It's 6AM. A disheveled teen girl sits grinning like crazy in front of her computer. She probs should have gone to bed eight hours ago, but sleep is totally for the weak. Also, school starts in two hours, but who gives a flipped pancake? Her manuscript is REVISED.
Is this disheveled girl me? Yes! Guys, I'm so excited - Autochromatic is new and improved, and I actually finished revising it a little earlier than I thought I would. Mostly because, I, uh, stayed up 'til 6AM on Wednesday night to do it [insert evil genius laugh].
Honestly, there wasn't even a deadline looming - it just felt right, and as time passed I felt like the Energizer Bunny. I came to school two hours later feeling gloriously hung over and giggling uncontrollably, but oh man, it was worth it! (Forreals, is there anything better than being a writer?)
For what it's worth, I got more done that night than I'd gotten done in the past week. Which, I think, raises some cool points about productivity. Sense says that in a rad ideal world, every writer's productivity graph - charting level of output as days go by - would look like this:
We're talking all insane 6AM-level output, all the time. Now, that's pretty epic, but it's also kind of unrealistic - most people's brains and bodies can't maintain it. So let's say the "real world" perfect graph is this:
Here the line is steadily productive, not spiking to either extreme. It's deff possible to maintain this, and set deadlines encourage it (that's why they're awesome). Still, I feel like most of the time, the average writer's graph is more like this:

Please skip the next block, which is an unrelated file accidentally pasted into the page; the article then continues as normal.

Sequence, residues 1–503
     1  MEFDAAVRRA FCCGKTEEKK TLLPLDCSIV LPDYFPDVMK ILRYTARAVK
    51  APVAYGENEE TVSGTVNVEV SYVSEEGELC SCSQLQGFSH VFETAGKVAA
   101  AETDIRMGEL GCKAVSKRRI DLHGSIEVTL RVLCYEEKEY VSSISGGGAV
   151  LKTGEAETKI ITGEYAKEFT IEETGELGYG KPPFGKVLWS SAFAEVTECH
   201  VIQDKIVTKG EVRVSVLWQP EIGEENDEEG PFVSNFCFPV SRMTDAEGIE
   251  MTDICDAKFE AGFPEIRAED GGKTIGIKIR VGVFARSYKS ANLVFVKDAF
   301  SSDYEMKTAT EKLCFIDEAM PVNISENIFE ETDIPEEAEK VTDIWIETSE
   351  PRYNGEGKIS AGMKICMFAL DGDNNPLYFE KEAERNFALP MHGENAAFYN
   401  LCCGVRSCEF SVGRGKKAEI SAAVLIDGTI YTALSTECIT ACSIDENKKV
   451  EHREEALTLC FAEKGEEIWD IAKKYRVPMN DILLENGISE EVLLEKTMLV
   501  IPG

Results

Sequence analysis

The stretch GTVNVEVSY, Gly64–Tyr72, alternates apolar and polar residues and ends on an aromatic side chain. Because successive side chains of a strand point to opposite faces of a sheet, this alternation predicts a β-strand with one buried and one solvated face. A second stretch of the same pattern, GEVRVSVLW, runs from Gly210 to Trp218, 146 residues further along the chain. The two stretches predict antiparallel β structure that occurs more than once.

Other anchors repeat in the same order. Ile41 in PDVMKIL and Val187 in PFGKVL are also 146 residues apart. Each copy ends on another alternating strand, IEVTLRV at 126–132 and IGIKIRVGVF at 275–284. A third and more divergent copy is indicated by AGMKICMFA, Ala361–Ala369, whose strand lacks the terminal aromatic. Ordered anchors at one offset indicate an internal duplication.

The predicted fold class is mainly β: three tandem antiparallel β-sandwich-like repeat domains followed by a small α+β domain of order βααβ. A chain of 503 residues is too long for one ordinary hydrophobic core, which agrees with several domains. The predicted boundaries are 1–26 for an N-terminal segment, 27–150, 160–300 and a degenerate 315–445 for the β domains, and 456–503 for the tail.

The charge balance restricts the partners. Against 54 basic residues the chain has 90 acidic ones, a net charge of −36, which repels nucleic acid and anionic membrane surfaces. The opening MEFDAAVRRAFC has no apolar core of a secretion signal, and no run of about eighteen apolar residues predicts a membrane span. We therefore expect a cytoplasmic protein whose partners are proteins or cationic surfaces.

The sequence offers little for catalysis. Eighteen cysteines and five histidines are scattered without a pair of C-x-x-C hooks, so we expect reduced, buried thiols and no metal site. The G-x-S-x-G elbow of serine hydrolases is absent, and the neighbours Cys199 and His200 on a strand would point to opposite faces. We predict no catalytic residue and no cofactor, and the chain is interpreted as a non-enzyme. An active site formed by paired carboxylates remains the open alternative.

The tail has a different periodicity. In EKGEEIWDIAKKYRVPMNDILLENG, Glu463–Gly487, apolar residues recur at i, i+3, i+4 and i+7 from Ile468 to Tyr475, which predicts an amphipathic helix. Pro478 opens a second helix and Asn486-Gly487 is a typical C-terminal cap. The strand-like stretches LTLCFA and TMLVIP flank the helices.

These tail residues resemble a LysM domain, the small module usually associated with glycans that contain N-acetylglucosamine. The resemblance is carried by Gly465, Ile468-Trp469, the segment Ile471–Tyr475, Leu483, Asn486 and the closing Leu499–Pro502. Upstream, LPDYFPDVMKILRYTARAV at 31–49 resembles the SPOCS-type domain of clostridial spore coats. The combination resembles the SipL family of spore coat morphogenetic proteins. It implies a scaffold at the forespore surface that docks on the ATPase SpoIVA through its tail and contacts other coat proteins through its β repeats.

As in, very unpredictable and random. Why? Because sometimes life gets in the way; sometimes it's happy to let you write. Sometimes you need time to think through a tricky scene, and sometimes you find yourself typing like a madman until late into the night.
I used to get so unnerved whenever my graph hit bottom for an extended period. But I've realized now that just because you don't got it one week doesn't mean you won't the next. As long as you love writing, you are still a writer, whether that chapter takes a day or a month to work through. Just because the oxygen for the fire is momentarily gone doesn't mean the coals aren't still burning, ready to roar to life again.
In truth, we all go at our own pace - and that's great. It means having a blast as you let your own personal ebb and flow guide you through this crazy voyage they call writing.
My question for you is: what does your productivity graph look like? Man, December has been wild so far, and now the holidays are upon us! I'm probably going to stay lamely internet-dead until my early-January college applications deadline, but after that I can't wait to get back in the swing of things. Somehow I know 2011 is going to hold great things for all of us. Wh00t!